After making several attempts to sell his pad, fashion designer Tommy Hilfiger is relisting his lavish penthouse apartment in the Plaza for $50 million. Hilfiger and his wife, Dee Ocleepo, first listed the apartment at 1 Central Park South in 2013 for $80 million. After dropping to $75 million in March 2015 and then $69 million, the most recent relisting had the property on the market for $58.9 million in April (h/t Mansion Global). The couple paid roughly $20 million in renovations for the 5,600-square-foot duplex, which features marble-clad rooms, vintage limestone fireplaces from England and a domed room that features a custom-designed “Elouise” mural designed by the children book’s illustrator Hilary Knight.
Central Park South
Just two days after Mayor de Blasio spoke publicly of his idea to add contextual plaques to controversial statues around the city instead of razing them, Public Advocate candidate and Columbia University history professor David Eisenbach has proposed a completely different plan. In reference to City Council Speaker Melissa Mark-Viverito’s call to remove Central Park’s Columbus statue based on accounts that the explorer enslaved and killed indigenous people, Eisenbach suggested an alternative where Columbus Circle would be divided into public educational “plazas.” As reported by DNAinfo, these would include three parts of the Circle for “Conquest, Slavery, and Immigration.” Instead of taking down the monument, he believes this would “tell the story of Columbus’ legacy, the good, the bad, and the ugly.”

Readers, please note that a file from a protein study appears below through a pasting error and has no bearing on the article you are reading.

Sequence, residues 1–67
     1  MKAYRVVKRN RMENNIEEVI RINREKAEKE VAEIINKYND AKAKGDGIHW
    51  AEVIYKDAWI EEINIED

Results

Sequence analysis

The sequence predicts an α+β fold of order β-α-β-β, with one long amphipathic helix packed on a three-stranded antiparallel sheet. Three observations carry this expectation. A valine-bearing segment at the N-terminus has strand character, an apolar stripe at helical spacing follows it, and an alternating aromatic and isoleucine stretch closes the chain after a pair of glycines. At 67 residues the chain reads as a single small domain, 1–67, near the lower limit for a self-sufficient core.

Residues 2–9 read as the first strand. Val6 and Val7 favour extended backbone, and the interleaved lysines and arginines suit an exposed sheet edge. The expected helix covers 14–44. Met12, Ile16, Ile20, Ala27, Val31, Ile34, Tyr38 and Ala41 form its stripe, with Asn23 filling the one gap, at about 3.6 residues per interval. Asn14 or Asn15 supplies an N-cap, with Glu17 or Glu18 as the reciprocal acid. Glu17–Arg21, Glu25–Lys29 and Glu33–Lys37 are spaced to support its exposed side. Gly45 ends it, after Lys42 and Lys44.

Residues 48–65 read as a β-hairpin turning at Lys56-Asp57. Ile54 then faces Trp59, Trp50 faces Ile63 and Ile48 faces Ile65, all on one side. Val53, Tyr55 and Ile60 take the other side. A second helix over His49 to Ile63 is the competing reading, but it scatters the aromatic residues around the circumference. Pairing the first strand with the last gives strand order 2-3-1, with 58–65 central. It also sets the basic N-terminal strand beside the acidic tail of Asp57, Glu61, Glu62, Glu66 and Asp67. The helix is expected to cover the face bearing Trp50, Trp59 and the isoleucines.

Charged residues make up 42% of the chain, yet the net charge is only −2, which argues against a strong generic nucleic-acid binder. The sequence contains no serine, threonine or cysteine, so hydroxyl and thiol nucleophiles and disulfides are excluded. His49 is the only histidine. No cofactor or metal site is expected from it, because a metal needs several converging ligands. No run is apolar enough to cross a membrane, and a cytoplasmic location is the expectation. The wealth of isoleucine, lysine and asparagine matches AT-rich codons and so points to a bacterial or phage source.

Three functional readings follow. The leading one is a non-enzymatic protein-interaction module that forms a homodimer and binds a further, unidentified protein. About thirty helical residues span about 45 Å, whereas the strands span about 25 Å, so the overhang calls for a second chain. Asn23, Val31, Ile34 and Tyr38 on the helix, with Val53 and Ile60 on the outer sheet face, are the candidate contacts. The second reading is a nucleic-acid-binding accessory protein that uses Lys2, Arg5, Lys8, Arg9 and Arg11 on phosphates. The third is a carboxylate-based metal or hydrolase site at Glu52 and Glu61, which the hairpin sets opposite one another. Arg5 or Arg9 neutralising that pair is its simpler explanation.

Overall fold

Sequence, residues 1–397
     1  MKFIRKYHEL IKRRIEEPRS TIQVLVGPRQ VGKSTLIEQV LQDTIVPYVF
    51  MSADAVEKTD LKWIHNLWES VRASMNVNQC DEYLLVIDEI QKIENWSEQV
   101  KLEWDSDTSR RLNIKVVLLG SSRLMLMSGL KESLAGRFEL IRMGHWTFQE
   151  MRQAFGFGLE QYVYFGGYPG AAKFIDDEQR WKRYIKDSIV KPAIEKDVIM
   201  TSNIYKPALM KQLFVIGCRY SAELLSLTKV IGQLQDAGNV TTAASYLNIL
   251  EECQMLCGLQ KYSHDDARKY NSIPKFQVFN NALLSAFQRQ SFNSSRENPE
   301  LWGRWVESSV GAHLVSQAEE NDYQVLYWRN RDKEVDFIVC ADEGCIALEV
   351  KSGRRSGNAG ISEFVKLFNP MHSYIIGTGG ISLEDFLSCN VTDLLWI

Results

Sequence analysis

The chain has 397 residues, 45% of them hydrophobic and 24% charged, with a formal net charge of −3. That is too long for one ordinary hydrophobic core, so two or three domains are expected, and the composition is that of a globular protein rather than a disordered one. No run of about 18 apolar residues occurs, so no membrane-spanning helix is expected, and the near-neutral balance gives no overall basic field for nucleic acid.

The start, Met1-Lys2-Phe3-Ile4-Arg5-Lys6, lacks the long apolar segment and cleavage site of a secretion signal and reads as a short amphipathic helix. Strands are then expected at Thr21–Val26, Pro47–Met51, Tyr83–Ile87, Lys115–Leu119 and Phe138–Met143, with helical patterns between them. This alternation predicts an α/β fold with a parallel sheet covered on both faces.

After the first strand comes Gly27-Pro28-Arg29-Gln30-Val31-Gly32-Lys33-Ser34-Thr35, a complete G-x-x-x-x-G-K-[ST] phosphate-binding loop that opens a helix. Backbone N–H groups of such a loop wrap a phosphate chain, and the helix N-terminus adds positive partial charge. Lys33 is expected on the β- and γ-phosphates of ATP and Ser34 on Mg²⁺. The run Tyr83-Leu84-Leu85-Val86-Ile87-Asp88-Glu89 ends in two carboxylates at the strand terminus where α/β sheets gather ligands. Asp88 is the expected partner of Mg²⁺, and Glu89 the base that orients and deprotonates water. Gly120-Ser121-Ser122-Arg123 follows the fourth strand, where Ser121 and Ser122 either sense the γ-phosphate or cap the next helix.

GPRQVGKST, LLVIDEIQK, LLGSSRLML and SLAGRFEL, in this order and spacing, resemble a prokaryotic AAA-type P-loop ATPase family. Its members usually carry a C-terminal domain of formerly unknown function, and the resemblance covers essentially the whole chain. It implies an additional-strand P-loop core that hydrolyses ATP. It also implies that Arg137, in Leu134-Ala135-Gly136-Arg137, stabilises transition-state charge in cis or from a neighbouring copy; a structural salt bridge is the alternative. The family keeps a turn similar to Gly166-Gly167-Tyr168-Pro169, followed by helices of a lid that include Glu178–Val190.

Things have been shaky for 111 West 57th Street since it came to light last month that construction on the world’s will-be skinniest skyscraper was stalled at just 20 stories after Property Markets Group‘s Kevin Maloney and JDS Development’s Michael Stern were sued by real estate investment corporation and owner AmBase. Trying to salvage their $66 million investment, Ambase filed an injunction to stop lender Spruce Capital from seizing the $1 billion project, but yesterday a Supreme Court judge ruled that a strict foreclosure could move forward, meaning AmBase will likely lose its majority ownership, according to Crain’s. On the flip side, the developers will now be able to proceed with construction on the 1,421-foot Billionaires’ Row tower, whose units started going into contract earlier this month.
“Christopher Columbus is a controversial figure for many of us, particularly those that come from the Caribbean,” said Puerto Rican-born City Council Speaker Melissa Mark-Viverito. According to DNAinfo, Viverito is calling on the city to consider removing the Columbus Circle statue of the Italian explorer as part of their larger 90-day review of “symbols of hate.” She first introduced the proposal on Monday at a rally in East Harlem to remove another controversial statue, that of Dr. James Marion Sims, who achieved his title as the father of modern gynecology by performing experiments on slaves without consent and without anesthesia. Columbus, honored for discovering the Americas, is also believed to have enslaved and killed many of the indigenous people he encountered. In response, the Mayor’s office said the proposal will receive “immediate attention.” But of course, not everyone is happy about it.